Derelict Space

Tag: Betrayal

Make a Withdrawal

by markdyal

Q: What are banks for?

A: To make money.

Q: For the customers?

A: For the banks.

Q: How do banks make money?

A: Customers lend it to them, and they lend it to other customers, each time charging interest.

Q: How much interest?

A: It depends on the bank. They set the rate as a rate of profit.

Q: Why isn’t it my profit? It’s my money after all.

A: You make a profit as long as you don’t withdraw your money: usually around half of one percent.

Q: Why do I need a bank at all?

A: You have to pay for goods and services that will not take cash.

Q: Why won’t they take cash? It seems a system designed to guarantee the banks a profit.


Q: And why would I need a bank if I didn’t want to withdraw my money?


Q: Hello? Why would a bank not want me to withdraw my money?

A: Because if you withdraw it they can’t lend it to anyone else.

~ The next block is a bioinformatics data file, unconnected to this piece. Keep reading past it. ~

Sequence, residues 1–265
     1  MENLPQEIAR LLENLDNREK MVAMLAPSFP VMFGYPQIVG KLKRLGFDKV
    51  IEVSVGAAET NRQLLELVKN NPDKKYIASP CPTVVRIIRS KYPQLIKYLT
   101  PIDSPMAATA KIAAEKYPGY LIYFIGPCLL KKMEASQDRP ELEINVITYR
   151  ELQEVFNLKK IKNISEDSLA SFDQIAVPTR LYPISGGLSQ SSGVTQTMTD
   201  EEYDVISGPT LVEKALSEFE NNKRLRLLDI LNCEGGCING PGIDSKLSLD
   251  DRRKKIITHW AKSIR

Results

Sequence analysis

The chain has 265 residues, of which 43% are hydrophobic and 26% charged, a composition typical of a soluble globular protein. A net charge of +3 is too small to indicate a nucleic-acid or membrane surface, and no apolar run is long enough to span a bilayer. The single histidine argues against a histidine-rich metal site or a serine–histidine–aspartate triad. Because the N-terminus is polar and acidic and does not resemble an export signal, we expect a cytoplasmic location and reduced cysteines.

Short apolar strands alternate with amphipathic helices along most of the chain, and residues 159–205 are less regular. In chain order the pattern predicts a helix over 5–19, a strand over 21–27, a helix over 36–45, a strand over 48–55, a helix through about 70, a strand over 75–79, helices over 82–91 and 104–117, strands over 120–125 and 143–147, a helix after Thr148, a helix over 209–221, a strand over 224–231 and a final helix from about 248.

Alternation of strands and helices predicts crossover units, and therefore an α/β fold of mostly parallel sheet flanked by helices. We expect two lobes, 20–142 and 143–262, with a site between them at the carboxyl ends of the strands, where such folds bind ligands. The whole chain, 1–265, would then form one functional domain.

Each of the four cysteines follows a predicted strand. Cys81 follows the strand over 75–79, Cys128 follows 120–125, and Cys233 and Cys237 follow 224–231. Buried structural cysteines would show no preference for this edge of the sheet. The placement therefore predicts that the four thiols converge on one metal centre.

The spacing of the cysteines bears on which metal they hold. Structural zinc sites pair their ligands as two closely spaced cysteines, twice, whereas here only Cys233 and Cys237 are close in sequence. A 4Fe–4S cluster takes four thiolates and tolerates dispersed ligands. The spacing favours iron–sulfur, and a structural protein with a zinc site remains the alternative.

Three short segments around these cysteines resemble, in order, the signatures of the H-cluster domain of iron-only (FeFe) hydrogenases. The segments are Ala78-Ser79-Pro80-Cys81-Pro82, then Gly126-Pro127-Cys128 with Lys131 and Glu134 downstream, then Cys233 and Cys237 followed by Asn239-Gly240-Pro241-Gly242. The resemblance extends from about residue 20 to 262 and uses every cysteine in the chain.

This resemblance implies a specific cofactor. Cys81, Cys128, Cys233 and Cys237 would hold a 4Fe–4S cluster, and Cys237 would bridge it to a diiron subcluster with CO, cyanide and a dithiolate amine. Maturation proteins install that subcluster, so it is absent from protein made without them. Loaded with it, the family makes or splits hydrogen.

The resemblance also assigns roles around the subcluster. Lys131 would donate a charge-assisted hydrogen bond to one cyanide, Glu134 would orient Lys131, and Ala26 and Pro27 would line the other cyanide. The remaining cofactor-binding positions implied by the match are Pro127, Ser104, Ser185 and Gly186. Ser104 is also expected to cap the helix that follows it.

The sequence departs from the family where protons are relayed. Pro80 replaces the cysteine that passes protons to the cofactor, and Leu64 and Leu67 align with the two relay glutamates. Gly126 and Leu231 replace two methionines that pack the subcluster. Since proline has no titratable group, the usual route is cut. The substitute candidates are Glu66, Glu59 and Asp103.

Q: And if I remove my money which has been lent to someone else?

A: The bank will give you someone else’s money.

Q: But suppose that person wanted his/hers too? What if everyone wanted his/her money at once?

A: It’s the theory of banking practice that they never would.

Adapted from G. Edward Griffin. The Creature from Jekyll Island and Punch.

Betrayal as a Radical Creative Act

by ds1881

“We betray the fixed powers that try to hold us back, the established powers of the earth. Fixed and established powers do not form an outside; they traverse our bodies, our relations, our worlds. The traitor therefore betrays her own realm, her own gender, her class, and her majority. To betray one’s own majority means to drop out of one’s own dominant normality. For it is difficult to be a traitor; it is to create. At the beginning of betrayal is the movement of disappearance, of becoming-nobody as a break of loyalty to the logic and to the terror of identity, representation and visibility. Betrayal as a creative act has to be imagined and actualised as a tendency of disappearance, as a movement that constantly has to be instituted, which again and again starts anew and thwarts the institutions, the structures, and the state apparatuses of representation.” Deleuze & Parnet, Dialogues, 30-33.